A survey in Kenya has found fewer people may be infected with HIV than previously thought.
The Kenyan figures are regarded as being the most accurate yet
The study, carried out by the Kenyan government, suggests 6.7% of people have the disease.
Previous estimates had put the figure as high as 15% or 2.2m people.
Experts said the figures based on a sample of 8,561 households across the country are the most comprehensive to date.
The Kenya Demographic and Health Survey is carried out every five years and is used by ministers to plan health and social policies.
This latest survey was carried out in September last year. As part of the survey, people were asked if they would be tested for HIV. Some 70% of those asked agreed.
The tests were carried out by officials from the US Centers for Disease Prevention and Control. They found that 8.7% of women and 4.5% of men were HIV positive.
Infection rates ranged from less than 1% of those living in the country's North Eastern province to 14% in Nyanza.
Dr Kevin DeCock, the local director of the US Centers for Disease Control and Prevention, called the new figures the best HIV statistics in Kenya to date.
"The number of HIV infected people in Kenya ... is lower than previously estimated," he said.
Kenneth Chebet, director of Kenya's National AIDS and Sexually Transmitted Diseases Programme, said the findings suggested around 1.4m people had the disease.
"The average number of people infected with HIV/AIDS has dropped from about 2.5m people four years ago," he said.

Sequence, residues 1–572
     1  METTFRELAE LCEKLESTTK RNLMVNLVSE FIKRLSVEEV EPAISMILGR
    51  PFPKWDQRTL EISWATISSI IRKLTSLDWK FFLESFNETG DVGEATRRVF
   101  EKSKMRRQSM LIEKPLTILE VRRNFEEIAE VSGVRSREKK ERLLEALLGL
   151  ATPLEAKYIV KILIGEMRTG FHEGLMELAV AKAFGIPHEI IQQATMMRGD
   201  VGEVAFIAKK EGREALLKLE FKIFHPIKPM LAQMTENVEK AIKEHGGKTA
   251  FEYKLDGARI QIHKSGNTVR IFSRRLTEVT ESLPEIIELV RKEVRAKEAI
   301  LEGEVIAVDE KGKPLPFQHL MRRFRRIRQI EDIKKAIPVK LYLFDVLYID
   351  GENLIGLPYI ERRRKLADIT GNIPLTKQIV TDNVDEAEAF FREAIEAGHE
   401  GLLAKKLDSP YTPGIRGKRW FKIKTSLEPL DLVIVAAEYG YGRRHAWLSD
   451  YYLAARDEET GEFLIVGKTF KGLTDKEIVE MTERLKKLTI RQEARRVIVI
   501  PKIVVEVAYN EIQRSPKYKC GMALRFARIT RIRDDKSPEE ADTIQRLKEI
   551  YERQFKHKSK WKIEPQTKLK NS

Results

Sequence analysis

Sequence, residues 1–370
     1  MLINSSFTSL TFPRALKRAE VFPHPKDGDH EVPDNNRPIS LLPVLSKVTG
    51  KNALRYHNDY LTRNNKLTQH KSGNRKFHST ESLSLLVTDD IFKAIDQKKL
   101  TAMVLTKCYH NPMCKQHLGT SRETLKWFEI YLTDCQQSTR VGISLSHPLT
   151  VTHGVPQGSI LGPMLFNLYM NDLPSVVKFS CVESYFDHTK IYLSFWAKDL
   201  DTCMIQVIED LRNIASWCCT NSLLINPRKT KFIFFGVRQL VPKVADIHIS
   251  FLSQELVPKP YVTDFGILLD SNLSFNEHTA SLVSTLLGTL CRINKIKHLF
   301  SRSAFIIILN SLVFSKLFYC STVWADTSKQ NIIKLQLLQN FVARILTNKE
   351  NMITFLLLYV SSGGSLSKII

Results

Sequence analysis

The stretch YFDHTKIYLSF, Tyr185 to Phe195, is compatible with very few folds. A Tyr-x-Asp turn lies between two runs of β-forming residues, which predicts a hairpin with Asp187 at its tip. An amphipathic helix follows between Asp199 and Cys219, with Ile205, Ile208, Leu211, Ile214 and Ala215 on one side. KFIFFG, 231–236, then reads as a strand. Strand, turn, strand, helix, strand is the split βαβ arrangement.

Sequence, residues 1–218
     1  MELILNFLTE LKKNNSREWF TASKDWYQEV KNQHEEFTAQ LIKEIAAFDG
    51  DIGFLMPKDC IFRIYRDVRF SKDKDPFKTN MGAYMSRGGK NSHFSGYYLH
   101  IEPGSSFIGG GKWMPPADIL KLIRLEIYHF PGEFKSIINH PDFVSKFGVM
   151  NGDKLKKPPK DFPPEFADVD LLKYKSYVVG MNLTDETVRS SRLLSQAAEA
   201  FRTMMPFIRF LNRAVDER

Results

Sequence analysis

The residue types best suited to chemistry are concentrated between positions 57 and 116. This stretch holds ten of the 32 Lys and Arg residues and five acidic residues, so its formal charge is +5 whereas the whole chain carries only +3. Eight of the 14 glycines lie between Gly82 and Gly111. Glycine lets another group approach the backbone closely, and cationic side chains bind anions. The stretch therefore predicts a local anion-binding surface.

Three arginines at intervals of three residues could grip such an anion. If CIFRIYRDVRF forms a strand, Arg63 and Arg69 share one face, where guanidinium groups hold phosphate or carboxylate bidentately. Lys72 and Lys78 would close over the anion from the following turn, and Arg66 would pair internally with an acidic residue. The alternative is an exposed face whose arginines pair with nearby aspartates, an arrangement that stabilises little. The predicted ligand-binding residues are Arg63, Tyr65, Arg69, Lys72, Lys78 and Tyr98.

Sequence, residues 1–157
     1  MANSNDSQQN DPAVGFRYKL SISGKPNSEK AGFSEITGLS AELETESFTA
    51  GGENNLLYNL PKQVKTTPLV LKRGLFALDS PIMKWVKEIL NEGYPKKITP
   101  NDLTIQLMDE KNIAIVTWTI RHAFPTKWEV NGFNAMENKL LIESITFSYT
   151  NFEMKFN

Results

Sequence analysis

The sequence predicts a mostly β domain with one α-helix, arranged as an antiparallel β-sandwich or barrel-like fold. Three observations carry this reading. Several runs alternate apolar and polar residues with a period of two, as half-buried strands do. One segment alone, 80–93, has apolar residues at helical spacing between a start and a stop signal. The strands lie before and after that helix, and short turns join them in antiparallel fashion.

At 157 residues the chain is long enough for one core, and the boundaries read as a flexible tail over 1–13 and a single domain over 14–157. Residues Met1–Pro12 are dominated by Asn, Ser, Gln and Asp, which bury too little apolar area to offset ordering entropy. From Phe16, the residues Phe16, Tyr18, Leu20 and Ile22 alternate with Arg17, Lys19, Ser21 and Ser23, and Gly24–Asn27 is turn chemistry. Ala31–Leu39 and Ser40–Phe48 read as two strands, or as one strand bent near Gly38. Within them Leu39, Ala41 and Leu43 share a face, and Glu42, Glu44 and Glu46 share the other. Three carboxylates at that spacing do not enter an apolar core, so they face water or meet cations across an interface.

"The average was about 1.4 million people and this is the closest and most accurate estimate ever in the country."
Similar population-based surveys in other African countries have also seen HIV prevalence rates downgraded.
A national survey in Mali, carried out in 2001, found 1.7% of people were HIV positive. Previous estimates had put the figure at 4%.
In Zambia, a survey suggested 21.%% of people had the disease. It had previously been at 27%.
Other countries in Africa are planning to carry out similar population based surveys to determine their true HIV infection rate.
Dr Catherine Hankins, the chief scientific adviser to UNAids, welcomed the Kenyan survey.
"We consider these health surveys extremely helpful," she said. "The more data we get, the better are the estimates."
Dr Hankins said the surveys were coming up with different figure to those produced by UNAids.
However, she said that did not mean that infection rates had been overestimated.
"We cannot say that we have overestimated HIV rates in Africa," she told BBC News Online. "All figures for HIV prevalence in Africa are estimates.
"The important thing to remember is that the epidemic is continuing. There is no evidence that globally things are levelling off."